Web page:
During the Christmas break I had supper with a family I’ve known for a number of years. I was in conversation with one of the sons who was home for Christmas. Like most young people he had many questions about the faith in which he was raised. Again, like most young people his age he is very inclusive in his attitudes towards people, people of other cultures, faiths and lifestyles. Our conversation centered on the word unless: unless you are baptized, unless you accept Jesus as your Lord and Savior basically you’re out. His question was, ‘what about all those good people, friends of mine, who are Jewish, Muslim, Buddhists, Hindus, are they lost, are they going to hell?

To answer his thoughtful, concerned question we can go to the second reading of this feast of the Baptism of the Lord. St. Peter was blessed with his own insight to the great question, ’who can be saved?’ Speaking with a God fearing non-Jew Peter did a total U-turn in his thinking. “The truth I have come to realize is this: God does not have favorites, but that anybody of any nationality who fears God and does what is right is acceptable to God.” Peter goes on to say, “it is true God sent his word to the people of Israel by Jesus Christ – but Jesus Christ is Lord of all people.”

So my friend and I talked about a teaching of the church that goes back to the church’s earliest days; the truth about the baptism of desire. Early Christians wondered about mothers and fathers or grandparents or friends who were truly good people, religious and spiritual people. They wondered, ‘are they lost, will I never see them again and will they never see God’? As one of the early Church Fathers wrote, “The Doctrine that Baptism of Water may be replaced by the Baptism of desire or by Baptism of Blood is not, as is some times supposed, a recent development of doctrine, it is taught for instance by St. Gregory Nazianzen in a sermon preached in 381, where mention is made of the Baptism of water, of Martyrdom and of tears.” This Church Father goes on to say, “It must be observed that we do not hold that there are three kinds of Baptism, for in the creed we confess one Baptism for the remission of sins, the actual reception of which, however, may be replaced in either of the two ways mentioned.”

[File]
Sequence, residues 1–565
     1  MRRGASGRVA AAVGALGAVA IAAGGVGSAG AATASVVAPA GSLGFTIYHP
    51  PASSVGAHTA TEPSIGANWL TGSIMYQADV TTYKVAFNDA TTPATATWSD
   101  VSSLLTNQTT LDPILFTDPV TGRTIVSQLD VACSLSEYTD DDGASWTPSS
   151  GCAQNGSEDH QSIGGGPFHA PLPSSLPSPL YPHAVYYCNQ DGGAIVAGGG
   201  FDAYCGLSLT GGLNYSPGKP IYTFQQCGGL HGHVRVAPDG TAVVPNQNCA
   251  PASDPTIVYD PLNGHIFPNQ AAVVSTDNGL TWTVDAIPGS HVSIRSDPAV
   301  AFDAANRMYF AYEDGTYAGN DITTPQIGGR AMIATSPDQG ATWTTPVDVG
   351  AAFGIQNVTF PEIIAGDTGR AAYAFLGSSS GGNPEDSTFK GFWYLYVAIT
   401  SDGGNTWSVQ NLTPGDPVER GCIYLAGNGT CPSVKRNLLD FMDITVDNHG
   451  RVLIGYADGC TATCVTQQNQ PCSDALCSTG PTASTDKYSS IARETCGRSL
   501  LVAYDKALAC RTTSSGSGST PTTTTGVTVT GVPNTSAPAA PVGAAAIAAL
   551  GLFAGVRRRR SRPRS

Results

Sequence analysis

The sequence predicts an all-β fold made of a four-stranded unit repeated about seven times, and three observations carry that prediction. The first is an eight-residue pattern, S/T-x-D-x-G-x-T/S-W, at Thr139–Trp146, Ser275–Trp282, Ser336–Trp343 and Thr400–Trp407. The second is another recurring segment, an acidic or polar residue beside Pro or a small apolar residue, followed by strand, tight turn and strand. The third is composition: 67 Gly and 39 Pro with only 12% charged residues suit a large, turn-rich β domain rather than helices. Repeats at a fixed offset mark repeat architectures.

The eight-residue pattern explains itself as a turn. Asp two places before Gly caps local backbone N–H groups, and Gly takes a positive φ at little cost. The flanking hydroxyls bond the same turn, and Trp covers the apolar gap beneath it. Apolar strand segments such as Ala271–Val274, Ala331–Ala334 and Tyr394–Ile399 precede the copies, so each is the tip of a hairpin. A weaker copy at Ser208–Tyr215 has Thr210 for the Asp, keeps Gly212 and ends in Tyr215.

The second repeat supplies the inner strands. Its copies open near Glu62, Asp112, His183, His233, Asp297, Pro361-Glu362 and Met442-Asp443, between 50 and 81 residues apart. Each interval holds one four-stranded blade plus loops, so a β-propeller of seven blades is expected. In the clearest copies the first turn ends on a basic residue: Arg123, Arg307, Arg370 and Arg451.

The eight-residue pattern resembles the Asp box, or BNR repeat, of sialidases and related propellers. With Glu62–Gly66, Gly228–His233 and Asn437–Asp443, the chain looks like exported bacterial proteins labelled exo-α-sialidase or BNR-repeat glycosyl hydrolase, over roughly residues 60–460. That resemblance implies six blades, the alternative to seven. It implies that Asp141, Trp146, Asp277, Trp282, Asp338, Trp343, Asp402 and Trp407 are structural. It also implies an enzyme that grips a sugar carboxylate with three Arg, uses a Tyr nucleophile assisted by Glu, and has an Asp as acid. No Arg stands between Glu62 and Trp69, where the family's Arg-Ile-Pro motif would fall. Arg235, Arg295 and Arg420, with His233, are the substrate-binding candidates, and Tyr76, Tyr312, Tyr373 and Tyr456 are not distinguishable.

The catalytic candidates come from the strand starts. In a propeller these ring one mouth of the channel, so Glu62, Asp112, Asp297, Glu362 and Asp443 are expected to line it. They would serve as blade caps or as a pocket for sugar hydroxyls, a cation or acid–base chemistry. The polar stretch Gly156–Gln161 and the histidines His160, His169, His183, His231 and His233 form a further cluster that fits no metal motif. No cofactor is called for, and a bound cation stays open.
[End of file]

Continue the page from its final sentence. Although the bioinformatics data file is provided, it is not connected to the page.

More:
Baptism of desire is not the sacrament of baptism and yet applying the term “baptism” to the baptism of blood and baptism of desire has been a practice of the Church for centuries. Even if it is not a baptism in the strict sense, it nevertheless is a baptism in the analogical sense.

We can say that, by the very way these good people live their different faiths they show that they are open to the grace and life of God in their lives.

Last Sunday we celebrated the feast of the Epiphany, a feast that teaches God is the God of all peoples and Jesus calls us all to himself.

As we continue to celebrate this feast of the Baptism of the Lord may we recommit ourselves to our own baptismal vows and be open to the truth that we Christian Catholics have no corner on God and are happy with the fact that God shows no partiality but that in every nation anyone who fears him and does what is right is acceptable to God.